The "fix their own country" argument is particularly wrong when it comes to the Afghan case. After all, many of those now fleeing are in danger precisely because they did try to fix their own country, by working with US and allied forces, promoting equality for women, and strengthening protection for human rights. Some 66,000 Afghans died fighting the Taliban (far more than the number of American and other NATO casualties). Critics comfortably ensconced in the United States would do well to consider whether they themselves would show greater courage and commitment under comparable circumstances.

In sum, the US has every reason to accept Afghan refugees. We should bring out as many as possible as US forces depart. And we should also take those able to flee on their own in the future. The withdrawal of US forces does not vitiate any of the moral or pragmatic considerations at stake.

It will not be easy to come to grips with the disastrous outcome in Afghanistan, or to figure out all the lessons that might be drawn from it. But the US can start by doing right by those fleeing oppression.

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  1. I don’t care where you are from. I don’t care what we did in the past. Unless you have something to offer, whether it be a needed skill, a desire to start a business that hires citizens or legal residents, or substantial investment capital investment, we have no need for you.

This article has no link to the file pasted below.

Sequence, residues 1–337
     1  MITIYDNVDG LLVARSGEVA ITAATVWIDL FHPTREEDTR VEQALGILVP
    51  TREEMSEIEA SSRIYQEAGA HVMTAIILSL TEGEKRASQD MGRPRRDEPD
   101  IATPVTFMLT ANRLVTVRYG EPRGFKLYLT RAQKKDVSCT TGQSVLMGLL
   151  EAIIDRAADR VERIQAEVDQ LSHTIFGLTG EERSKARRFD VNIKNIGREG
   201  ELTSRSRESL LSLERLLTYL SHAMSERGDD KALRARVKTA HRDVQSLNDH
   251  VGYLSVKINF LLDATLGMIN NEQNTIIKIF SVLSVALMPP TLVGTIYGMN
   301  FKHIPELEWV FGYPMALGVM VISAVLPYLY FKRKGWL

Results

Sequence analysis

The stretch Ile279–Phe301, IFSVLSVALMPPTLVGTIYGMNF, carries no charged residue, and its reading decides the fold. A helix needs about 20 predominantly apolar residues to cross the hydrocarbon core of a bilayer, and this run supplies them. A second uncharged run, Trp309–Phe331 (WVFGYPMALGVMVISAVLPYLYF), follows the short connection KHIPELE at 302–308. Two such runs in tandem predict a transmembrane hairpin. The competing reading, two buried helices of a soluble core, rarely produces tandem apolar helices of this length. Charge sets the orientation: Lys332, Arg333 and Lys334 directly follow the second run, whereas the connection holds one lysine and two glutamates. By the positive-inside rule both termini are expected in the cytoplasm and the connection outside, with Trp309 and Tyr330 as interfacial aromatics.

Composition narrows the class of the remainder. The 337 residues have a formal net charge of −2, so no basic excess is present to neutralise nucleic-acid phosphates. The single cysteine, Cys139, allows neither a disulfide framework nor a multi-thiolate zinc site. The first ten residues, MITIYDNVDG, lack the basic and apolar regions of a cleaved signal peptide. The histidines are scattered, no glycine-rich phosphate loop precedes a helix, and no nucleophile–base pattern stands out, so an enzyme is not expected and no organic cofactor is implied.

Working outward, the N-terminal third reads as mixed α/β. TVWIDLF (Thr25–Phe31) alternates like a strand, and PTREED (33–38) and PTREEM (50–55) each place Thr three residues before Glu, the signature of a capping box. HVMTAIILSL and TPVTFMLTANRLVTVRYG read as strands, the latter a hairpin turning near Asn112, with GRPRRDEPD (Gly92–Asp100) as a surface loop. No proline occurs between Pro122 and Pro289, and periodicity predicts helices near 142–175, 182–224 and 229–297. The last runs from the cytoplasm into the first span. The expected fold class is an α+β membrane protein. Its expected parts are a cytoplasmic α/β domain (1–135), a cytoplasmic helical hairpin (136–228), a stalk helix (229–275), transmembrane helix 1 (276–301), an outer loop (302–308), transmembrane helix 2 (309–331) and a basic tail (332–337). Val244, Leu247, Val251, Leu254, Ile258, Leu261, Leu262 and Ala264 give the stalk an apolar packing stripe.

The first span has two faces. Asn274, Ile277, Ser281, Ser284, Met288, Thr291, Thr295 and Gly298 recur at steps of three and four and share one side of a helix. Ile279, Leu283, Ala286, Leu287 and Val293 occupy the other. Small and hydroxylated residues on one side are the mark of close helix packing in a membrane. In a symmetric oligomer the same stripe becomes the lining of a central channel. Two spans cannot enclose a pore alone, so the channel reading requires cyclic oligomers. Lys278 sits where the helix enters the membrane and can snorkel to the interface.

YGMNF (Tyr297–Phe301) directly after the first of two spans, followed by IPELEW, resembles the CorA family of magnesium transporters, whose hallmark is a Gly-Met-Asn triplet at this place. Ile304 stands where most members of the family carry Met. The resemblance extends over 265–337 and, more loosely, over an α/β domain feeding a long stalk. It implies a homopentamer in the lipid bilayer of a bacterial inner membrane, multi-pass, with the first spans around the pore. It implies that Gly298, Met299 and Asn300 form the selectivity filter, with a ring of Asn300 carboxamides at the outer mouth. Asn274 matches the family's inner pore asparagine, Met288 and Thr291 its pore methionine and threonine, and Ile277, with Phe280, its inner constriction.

Policy needs to be based on what is in our interest and nothing else.

    1. “Policy needs to be based on what is in our interest and nothing else.”

      The idea that policy is a reflection of interests is the backbone of CRT…

      1. That assumes race matters. It doesn’t.

        1. Nope. It assumes race matters to *lots of people.* These are the ‘social construction of race’ folks after all.

          1. Bottom line is my wife and I own an executive recruiting agency. Our only concern for our clients is can you do the job and are you a cultural fit? What you look like, where you are from, or who you choose to love or at least hop into bed with is no concern.

            1. What about the case for giving civilized Afghans access to the weapons left behind to kill Taliban. Then go to Paki, kill the oligarchs that own the Taliban and their families, down to the last kitten. To deter.